POSITION REPORT ON FRIDAY 17 FEBRUARY 2017
POSITION REPORT ON FRIDAY 17 FEBRUARY 2017 AT 0700
So far we've done 458 miles with 386 miles to go. We did 163 miles in the last 24 hours. We have 25% cloud cover and 15-20 knot NE winds. We’re still rolling downwind with slightly smaller 1.5 metre seas. Here's what we did yesterday and overnight.
16 February 2017 Port Blair to Galle, Sri Lanka (Day 3)
Dawn brought us a pleasant day with 50% cloud cover and a very consistent 15-20 knot wind. I downloaded a weather forecast and the wind is expected to increase by a few knots over the next couple of days, but will still die on the 19th.
I played with my qtVlm routing software, using it to calculate the fastest route with just the wind data and then another routing with the wind and current. Interestingly, the routing using only the wind data was mostly along the rhumb line, but the routing using the wind & current data looped about 50 miles south of the rhumb line – obviously to take advantage of the predicted 0.5 to 1 knot currents, which swirl around in this area.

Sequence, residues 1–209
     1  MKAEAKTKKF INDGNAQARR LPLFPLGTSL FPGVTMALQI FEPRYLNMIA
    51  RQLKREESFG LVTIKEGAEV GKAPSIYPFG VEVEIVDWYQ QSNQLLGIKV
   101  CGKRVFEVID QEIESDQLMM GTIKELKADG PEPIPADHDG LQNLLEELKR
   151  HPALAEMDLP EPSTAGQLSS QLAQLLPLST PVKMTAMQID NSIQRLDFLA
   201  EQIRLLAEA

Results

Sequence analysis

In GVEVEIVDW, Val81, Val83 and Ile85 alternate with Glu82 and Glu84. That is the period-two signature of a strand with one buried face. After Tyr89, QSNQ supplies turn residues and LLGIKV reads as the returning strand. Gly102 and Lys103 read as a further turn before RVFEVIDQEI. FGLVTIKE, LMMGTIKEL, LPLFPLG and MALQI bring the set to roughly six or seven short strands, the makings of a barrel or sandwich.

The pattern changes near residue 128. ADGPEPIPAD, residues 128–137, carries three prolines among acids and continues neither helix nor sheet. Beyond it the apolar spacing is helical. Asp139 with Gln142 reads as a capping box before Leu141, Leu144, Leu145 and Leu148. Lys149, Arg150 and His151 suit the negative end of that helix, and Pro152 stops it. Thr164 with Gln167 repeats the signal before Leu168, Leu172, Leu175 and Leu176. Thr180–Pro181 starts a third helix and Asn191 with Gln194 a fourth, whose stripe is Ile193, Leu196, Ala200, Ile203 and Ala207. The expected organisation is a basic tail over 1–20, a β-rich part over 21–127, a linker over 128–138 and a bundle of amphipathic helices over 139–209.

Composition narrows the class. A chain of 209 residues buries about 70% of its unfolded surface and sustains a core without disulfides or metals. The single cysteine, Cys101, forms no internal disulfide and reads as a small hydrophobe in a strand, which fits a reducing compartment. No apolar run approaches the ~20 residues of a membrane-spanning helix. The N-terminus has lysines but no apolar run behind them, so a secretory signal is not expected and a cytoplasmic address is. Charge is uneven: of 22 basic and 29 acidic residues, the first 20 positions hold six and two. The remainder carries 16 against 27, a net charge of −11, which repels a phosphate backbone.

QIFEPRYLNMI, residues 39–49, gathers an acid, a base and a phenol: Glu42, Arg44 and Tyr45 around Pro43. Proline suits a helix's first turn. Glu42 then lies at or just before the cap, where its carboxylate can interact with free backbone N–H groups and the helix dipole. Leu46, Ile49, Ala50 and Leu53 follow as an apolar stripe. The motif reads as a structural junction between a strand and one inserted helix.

The Wind-only route was 507 miles taking 3 days 21 hours 45 mins, whereas the Wind-and-Current route was 540 miles taking 3 days 20 hours 25 minutes. That’s an 80 minute time saving (1.2%), but an extra 33 miles to travel. However, IMHO, the tiny 1% difference is insignificant when compared to the accuracy of the GRIB forecasting, so we’re going to continue to plod along the rhumb line, which is the shortest distance.
We didn’t touch the sails all day, just rolled along with the wind behind us. When I woke up from my afternoon nap, Glenys pointed out a small fishing boat that we’d passed a couple of miles back. It seemed to be very small to be 400 miles away from anywhere, but I guess we’re in an even smaller boat.
The night was uneventful, sometimes we’d roll violently for a while, but most of the time we were peacefully gliding along under the moon and stars. We didn’t see any other fishing boats or ships – we’re all alone in the middle of the Indian Ocean.